During our stay in Rome last month, we had the opportunity to visit Vatican City for several different experiences. In all there were 4 different things that we were fortunate enough to experience over 2 days. First, was the rare and hard to book tour of the Necropolis (also known as the Scavi). I’ll talk more about this later but this was VERY IMPRESSIVE. Next, was the visit to St. Peter’s Basilica where one is simply awe struck of the beauty that is inside. On the second day, we were fortunate enough to get tickets to the Papal audience which is a weekly address by the Pope in St. Peter’s Square. Then finally, was our tour of the Vatican Musuem which was a showcase for a significant part of the Vatican’s collection and included the Sistine Chapel. The Vatican Musuem deserves its own dedicated report so I’ll work on that over the next couple of days.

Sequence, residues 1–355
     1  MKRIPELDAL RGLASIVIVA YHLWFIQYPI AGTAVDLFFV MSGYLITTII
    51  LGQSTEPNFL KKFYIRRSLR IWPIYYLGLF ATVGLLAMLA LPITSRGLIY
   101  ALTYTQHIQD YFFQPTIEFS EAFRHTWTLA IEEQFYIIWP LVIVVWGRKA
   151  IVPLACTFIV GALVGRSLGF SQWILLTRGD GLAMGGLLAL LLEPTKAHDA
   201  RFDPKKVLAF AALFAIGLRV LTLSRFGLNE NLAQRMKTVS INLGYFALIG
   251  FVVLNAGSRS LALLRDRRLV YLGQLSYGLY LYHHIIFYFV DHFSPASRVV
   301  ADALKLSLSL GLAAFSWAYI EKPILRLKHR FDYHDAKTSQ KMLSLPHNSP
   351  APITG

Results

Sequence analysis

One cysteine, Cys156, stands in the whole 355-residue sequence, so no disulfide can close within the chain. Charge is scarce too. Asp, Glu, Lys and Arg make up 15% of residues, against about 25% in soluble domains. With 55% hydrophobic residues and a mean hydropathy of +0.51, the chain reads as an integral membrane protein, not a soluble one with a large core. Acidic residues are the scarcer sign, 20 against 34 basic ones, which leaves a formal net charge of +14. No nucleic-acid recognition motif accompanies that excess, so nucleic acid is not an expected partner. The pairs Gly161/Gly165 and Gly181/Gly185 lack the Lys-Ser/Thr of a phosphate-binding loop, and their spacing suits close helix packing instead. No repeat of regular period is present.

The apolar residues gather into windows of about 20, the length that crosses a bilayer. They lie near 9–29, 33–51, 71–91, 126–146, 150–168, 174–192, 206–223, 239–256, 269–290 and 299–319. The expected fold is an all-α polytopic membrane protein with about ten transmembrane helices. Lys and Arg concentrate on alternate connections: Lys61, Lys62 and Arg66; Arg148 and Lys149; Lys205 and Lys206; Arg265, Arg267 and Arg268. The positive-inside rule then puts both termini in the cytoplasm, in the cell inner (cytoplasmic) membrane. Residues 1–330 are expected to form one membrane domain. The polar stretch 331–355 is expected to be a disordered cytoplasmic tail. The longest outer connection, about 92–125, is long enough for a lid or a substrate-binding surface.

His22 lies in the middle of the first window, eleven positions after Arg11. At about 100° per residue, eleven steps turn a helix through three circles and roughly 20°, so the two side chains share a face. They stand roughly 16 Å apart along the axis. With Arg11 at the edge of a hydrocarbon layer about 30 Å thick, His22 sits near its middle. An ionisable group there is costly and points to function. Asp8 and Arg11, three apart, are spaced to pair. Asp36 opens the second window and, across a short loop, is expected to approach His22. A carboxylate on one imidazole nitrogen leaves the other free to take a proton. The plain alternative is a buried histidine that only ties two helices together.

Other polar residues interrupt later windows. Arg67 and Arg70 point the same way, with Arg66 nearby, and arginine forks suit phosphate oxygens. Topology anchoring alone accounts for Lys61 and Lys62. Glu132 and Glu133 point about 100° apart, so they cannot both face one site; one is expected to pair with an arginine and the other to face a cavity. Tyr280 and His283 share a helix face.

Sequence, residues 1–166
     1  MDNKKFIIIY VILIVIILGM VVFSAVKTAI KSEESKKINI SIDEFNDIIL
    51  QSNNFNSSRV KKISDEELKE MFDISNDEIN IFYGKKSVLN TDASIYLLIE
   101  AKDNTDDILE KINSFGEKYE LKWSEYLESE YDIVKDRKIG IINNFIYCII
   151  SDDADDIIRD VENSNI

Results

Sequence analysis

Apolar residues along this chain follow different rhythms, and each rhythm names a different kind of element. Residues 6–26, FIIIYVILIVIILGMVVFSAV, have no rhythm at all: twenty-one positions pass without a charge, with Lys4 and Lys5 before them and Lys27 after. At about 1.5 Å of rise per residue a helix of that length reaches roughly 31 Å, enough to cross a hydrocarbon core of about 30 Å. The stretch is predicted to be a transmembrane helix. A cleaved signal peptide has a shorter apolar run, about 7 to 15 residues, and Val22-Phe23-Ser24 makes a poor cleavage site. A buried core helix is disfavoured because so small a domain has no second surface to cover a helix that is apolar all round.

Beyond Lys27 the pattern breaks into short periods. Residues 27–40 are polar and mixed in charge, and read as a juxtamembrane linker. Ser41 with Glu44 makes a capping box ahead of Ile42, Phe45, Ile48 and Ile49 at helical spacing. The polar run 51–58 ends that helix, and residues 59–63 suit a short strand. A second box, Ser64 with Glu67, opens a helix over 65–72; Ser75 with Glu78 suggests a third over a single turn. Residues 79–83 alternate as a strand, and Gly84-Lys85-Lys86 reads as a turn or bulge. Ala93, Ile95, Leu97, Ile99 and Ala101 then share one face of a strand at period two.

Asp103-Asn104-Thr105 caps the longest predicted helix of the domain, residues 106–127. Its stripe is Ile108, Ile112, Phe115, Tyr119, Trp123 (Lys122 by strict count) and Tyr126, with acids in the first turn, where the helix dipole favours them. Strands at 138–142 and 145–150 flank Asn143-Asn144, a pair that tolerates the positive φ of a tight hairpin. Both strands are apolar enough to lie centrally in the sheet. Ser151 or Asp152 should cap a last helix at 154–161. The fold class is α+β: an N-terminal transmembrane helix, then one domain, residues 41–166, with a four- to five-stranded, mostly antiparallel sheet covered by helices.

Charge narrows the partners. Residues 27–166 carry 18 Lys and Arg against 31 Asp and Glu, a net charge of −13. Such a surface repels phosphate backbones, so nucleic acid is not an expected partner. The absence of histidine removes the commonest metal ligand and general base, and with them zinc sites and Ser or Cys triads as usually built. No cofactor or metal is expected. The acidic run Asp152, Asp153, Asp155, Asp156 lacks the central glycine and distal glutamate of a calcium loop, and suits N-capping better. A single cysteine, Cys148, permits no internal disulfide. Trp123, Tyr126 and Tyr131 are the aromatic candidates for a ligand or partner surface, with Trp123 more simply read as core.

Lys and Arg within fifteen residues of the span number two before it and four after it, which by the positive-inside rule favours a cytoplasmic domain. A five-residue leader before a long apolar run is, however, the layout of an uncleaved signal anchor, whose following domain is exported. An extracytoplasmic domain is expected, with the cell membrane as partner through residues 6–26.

Our first day’s visit to Vatican started with an early morning tour of the Necropolis. Tickets for this are extremely difficult to come by if you do not book well enough in advance. For our October trip, I had reserved the Necropolis tour directly through the Vatican in February. The Necropolis tour is not open every day and is limited to only 150 visitors spread over 10 groups daily. The Necropolis is significant because it is actually a Pagan Cemetery that was left intact as Catholic churches were erected directly on top of this cemetery. The first Churches started to appear in the 4th Century with Constantine (first Roman Emperor to Convert to Christianity) building them. The current Basilica dates back to 1506 when construction began. 120 years later, the Basilica as we see it today was completed. Unfortunately there was no photography allowed in the Necropolis due to its frail condition. The Humidity is maintained a 95 percent to keep the frescos from fading. The Necropolis is a series of streets and passage ways that hold the interred remains of those of the Pagan faith back when the Pagan faith was the dominant religion in the Roman Empire. Today you see the chambers and the shelves where marble caskets and other various items are in place holding the remains of those that passed away 1800-2000 years ago. Constantine, being the first Christian Roman Emperor felt the need to send a message, decided to build tributes to his faith in the form of Churches and Cathedrals directly on top of this Necropolis and so began the path to what is today known as Vatican City. When touring the Necropolis you see the ancient foundations of the Churches that pre-dated St. Peter’s Basilica. You also see the foundation of the current Cathedral as well. The absolute key highlight to the Necropolis are the remains of St. Peter. During the tour you see the bones laying on an ancient temple that is directly beneath the altar of the modern Basilica about 10-15 meters above. During our tour, there was a special mass in the Vatican and the singing of the Choir lent an eerie feeling as we looked over these ancient artifacts. If you plan to visit the Vatican, you absolutely should try to get tickets for the Necropolis. In my opinion, touring the Vatican and Necropolis transcends religious beliefs and can be appreciated by anyone.